The more I read the more sensitive I become to writer style, voice, use of words and phrases, pacing, use of tension, story development, characterizations, etc, etc. This sentence reads like the table of contents in a writing primer, perhaps Creative Writing 101. I never took the course but had an excellent, even unparalleled, liberal arts education at Occidental College.

 I haven’t always been comfortable with pen and paper…or my mother’s old (1930’s) Royal portable typewriter. The science teacher pushed his words on me for my valedictory speech in high school: stodgy, 19th century prose that was an embarrassment. A few months later, I sat before my first “Blue Book” essay exam, froze up, wrote a tiny page and a half and got a C+. By the time I got to grad school, I could do the first and last draft of term papers on that old Royal the night before they were due. Research, of course, was sought before that date and incubated much as it still does.

While I devoured books all my life, I’d never been trained to analyze what I was reading or how the writer wrote. I escaped into the stories, their imaginary characters and settings and wished I could write, too, but knew I wasn’t worthy.

Writing was something that special people way above me did. Not something I could aspire to.

Instead, I became a social worker and learned to observe setting, behavior, character structure, family and group dynamics and write of these in case notes and other documents. Thirty years of writing court reports and occasional ventures into writing poetry and short stories gradually led me to storytelling and getting it all down on paper. Now, I am immersed in the doing of it.

So what led me to take up the topic of  REVIEW? If you’ve read my last three blogs, you know I’ve been out and about in the Great Northwest…collecting new books. Okay, that wasn’t the primary goal but it was an accomplishment. And I fulfilled it to the brim of my car trunk.

So far, in the week I’ve been home, I have read two books by Women Writing the West writers: THE GOOD TIMES ARE ALL GONE NOW by Julie Whitesel Weston, a memoir, and THE BARGAIN by Irene Bennet Brown, an historical romance. Both are exceptional writers and I decided I needed to return to reviewing books I especially like. You can find both books reviewed by me and others on Amazon and on Goodreads.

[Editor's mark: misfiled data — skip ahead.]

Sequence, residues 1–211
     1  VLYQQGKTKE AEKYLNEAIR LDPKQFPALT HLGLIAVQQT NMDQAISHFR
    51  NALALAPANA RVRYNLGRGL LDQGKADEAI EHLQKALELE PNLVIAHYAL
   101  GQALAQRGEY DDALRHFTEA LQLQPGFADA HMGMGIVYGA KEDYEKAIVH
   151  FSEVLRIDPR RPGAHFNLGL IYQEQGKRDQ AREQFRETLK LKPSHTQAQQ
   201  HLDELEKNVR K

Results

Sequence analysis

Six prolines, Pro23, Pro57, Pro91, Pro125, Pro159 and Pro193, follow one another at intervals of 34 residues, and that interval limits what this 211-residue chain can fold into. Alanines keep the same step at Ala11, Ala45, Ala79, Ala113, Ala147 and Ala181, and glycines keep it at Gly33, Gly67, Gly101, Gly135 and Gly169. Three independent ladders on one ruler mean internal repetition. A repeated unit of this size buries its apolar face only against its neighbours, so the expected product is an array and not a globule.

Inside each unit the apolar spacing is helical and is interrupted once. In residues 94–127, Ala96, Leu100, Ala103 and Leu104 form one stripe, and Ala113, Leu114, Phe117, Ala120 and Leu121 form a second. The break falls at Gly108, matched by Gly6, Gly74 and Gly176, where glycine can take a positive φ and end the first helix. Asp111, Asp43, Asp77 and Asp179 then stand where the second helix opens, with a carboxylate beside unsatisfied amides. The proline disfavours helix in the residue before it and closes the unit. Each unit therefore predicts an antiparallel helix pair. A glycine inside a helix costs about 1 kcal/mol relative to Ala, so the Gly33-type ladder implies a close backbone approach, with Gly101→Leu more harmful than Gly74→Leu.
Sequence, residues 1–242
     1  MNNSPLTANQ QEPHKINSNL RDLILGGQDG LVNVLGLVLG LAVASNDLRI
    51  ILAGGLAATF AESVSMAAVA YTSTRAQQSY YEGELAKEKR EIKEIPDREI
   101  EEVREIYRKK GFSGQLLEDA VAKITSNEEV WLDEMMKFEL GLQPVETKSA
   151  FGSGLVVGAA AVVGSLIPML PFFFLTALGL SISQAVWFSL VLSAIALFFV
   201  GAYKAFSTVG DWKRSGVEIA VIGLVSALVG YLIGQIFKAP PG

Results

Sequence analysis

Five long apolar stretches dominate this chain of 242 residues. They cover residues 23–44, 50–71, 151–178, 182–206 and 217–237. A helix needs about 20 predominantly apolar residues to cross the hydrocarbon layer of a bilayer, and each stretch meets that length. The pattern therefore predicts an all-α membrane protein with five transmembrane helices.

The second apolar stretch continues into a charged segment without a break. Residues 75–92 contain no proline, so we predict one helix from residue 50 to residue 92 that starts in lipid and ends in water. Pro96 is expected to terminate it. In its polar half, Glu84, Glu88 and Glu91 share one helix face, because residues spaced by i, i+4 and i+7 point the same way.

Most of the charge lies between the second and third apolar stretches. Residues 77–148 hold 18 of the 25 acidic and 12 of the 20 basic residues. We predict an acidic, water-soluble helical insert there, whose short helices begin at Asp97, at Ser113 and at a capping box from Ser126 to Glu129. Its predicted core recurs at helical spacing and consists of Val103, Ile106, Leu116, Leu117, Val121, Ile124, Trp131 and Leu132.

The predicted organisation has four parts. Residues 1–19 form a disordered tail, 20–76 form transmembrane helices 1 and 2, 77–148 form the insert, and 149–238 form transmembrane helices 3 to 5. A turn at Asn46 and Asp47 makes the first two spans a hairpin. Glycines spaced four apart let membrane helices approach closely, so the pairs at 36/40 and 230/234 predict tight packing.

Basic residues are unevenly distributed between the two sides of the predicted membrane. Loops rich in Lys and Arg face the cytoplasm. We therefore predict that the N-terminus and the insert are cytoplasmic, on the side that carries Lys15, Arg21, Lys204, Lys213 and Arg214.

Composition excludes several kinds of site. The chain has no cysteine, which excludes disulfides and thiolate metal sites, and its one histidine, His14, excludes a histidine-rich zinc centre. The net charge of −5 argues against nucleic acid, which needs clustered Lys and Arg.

I decided that I owed it to these writers, sitting in their writing rooms with just the computer between them and their readers, to acknowledge their work with words of my own. Okay, they got a measly bit in royalties of what I spent on their book but I doubt that is reward enough. Both are prize-winners and may not need my endorsement but I’m giving it to themanyway.  Do you know what?  They each graciously thanked me and praised my use of words; one joined Goodreads and is now a follower of my blog. The other says she will use my review in her next series of readings.

For me, this is the ultimate in paying it forward among writers: to buy(or win) the book, render an honest opinion and keep at it.

When did you last write a review? 

What did you
want to share with the world about the book and its impact on you?

Will you do it now?



Filed under Opinion, Writing

8 responses to “TO REVIEW OR NOT TO REVIEW

  1. I’ve never done reviews for anything other than what I buy on I read a LOT though, how does one go about offering their review of a book they liked or didn’t? Will have to do some research on this. Interesting idea to look into, thanks!

  2. Thanks, Monique, for stopping by. You can post a review of a book on Amazon by looking at the listing for the book and where it shows “customer reviews” click; as you read the reviews already posted, you will see the question about if you want to add your review. Amazon then guides you through the process.
    To list on Goodreads, you need to join (free) and walk their walk, listing books you’ve read, are reading or want to read and expressing your review of any of these.
    Checked your blog and it is unusual, very colorful and enjoyable.

  3. Robin,. will you be the president and CEO of my non-existent Fan Club, har har? Your words are very touching and I appreciate your generosity.

  4. Big Smile. Love your inspiring words.

  5. I’m often surprised how people respond to my work. Inspiring? Who’d have thought? Not me. Thank you , Marlene.

  6. Arletta, I enjoyed this blog. I recently came to much the same conclusion–partly because someone at the Women Writing the West conference reminded us to consider reviews for the books we read. I have recently reviewed a book from a writer I met at Fishtrap this past summer. I am going to get into the habit of doing more. thank you! And thank you for your review. It was fun to see the cover of my book on your blog!


  7. Hi Julie,
    I missed out on whoever pushed for reviews at the conf. but I’m glad they did and that you will. I haven’t done too many hard critiques. When asked to do some for another writer (not her work), I found a couple of books in the list that I’d give a 2 or 3 star review and opted out…she understood. To do professional/print reviews, I’d have to bite the bullet….

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